Consent for publication

I would like to declare on behalf of my co‐authors that the work described was original research that has not been published previously, and not under consideration for publication elsewhere, in whole or in part. The manuscript is approved by all authors for publication.

Author contribution

Guangcun DENG: designed project, revised article and coordinated all aspects of work; Xiaoling WU: designed project, revised article, technical guidance; Xu ZHANG: participated in all experiment, data analysis, create figures, wrote article; Chenjie MA: NCBI‐NR database and taxonomic annotation, create tables; Wen ZHANG: PHI database analysis, data Cleansing; Wu LI: ARDB database analysis, data Cleansing; Jialin YU: specimens collected, sample preparation, documentation; Di XUE: Metagenome sequencing and analysing technical guidance, data quality control.

Acknowledgements

The study was funded by Key Technologies Research and Development Program of Ningxia (2015BZ02); Key Project of Research and Development of Ningxia Hui Autonomous Region of China (2017BN04); The Major Innovation Projects for building first‐class Universities in China's Western Region (ZKZD2017001); The project for the cultivation of scientific and innovative talent (KJT2017002). No one contributed towards the article who does not meet the criteria for authorship including anyone who provided professional writing services or materials in the study. We also thank for the efforts of all authors.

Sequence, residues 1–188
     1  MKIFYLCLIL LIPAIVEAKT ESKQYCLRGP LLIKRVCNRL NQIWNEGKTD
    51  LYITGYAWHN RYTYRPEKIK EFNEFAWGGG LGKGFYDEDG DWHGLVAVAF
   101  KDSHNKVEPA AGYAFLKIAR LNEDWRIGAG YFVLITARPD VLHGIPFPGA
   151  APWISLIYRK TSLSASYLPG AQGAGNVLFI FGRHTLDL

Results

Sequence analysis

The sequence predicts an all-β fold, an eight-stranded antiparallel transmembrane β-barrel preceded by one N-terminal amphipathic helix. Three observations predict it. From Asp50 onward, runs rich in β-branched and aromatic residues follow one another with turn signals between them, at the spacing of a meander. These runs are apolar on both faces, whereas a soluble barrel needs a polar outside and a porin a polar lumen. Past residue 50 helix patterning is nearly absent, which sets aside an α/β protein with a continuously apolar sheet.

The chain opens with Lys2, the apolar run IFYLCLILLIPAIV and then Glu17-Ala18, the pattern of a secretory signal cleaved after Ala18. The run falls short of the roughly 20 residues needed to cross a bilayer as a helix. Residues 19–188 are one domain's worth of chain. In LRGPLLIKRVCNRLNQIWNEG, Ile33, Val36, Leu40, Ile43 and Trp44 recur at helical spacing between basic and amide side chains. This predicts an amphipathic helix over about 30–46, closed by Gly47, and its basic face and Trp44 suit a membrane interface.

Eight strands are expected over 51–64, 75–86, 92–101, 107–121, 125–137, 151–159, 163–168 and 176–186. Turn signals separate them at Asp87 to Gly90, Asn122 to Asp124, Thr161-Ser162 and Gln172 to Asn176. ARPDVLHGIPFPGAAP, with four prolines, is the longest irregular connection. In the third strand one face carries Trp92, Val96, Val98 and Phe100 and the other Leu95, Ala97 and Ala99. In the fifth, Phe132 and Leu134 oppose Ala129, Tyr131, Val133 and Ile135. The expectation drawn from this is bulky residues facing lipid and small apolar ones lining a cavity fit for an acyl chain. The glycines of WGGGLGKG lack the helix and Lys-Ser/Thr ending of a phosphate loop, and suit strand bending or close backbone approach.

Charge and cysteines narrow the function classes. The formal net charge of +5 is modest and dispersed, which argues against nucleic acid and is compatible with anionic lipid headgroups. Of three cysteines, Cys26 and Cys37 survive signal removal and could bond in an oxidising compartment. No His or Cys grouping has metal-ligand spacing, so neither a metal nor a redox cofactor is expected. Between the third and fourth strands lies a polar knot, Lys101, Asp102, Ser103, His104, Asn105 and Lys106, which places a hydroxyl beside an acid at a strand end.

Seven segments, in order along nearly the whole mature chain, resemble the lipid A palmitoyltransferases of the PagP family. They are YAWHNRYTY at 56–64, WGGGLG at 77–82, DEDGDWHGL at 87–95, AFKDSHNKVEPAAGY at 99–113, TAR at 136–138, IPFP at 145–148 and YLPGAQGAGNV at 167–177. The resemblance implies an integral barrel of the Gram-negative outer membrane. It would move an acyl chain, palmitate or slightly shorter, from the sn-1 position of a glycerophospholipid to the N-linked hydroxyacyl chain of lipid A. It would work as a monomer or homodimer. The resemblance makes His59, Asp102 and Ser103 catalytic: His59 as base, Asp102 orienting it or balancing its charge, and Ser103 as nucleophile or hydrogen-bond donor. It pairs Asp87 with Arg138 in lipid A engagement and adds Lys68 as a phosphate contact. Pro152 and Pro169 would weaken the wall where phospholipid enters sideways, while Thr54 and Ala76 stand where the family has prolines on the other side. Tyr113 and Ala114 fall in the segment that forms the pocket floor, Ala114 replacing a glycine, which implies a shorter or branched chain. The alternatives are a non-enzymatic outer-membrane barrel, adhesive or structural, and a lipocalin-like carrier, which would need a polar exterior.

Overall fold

References

1 

    Akeda, Y. (2015) . Food safety and infectious diseases. J Nutrit Sci Vitaminol61(Suppl): , pp.S95.

2 

    Almasaudi, S.B. (2018) . Acinetobacter spp. as nosocomial pathogens: epidemiology and resistance features. Saudi J Biol Sci25: , pp.586–596.

3 

    Baker, M., Hobman, J. L., Dodd, C.E., Ramsden, S.J., and Stekel, D.J. (2016) . Mathematical modelling of antimicrobial resistance in agricultural waste highlights importance of gene transfer rate. FEMS Microbiol Ecol92: , pp.fiw040.